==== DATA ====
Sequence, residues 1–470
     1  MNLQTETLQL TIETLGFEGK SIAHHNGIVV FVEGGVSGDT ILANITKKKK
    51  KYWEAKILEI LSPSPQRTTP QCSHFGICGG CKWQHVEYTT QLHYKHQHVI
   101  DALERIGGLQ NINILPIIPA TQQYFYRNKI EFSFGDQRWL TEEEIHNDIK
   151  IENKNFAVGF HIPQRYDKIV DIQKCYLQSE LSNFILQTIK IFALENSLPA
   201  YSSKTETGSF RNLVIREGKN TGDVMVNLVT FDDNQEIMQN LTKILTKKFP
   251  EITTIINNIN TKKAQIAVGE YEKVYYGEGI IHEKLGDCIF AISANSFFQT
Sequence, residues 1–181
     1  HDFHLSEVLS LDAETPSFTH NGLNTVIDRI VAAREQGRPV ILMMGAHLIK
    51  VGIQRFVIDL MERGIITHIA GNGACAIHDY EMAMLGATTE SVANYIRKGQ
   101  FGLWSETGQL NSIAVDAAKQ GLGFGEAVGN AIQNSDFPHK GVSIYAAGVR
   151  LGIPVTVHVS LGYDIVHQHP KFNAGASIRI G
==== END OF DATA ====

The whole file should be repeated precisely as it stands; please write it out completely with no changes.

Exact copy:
Sequence, residues 1–470
     1  MNLQTETLQL TIETLGFEGK SIAHHNGIVV FVEGGVSGDT ILANITKKKK
    51  KYWEAKILEI LSPSPQRTTP QCSHFGICGG CKWQHVEYTT QLHYKHQHVI
   101  DALERIGGLQ NINILPIIPA TQQYFYRNKI EFSFGDQRWL TEEEIHNDIK
   151  IENKNFAVGF HIPQRYDKIV DIQKCYLQSE LSNFILQTIK IFALENSLPA
   201  YSSKTETGSF RNLVIREGKN TGDVMVNLVT FDDNQEIMQN LTKILTKKFP
   251  EITTIINNIN TKKAQIAVGE YEKVYYGEGI IHEKLGDCIF AISANSFFQT
Sequence, residues 1–181
     1  HDFHLSEVLS LDAETPSFTH NGLNTVIDRI VAAREQGRPV ILMMGAHLIK
    51  VGIQRFVIDL MERGIITHIA GNGACAIHDY EMAMLGATTE SVANYIRKGQ
   101  FGLWSETGQL NSIAVDAAKQ GLGFGEAVGN AIQNSDFPHK GVSIYAAGVR
   151  LGIPVTVHVS LGYDIVHQHP KFNAGASIRI G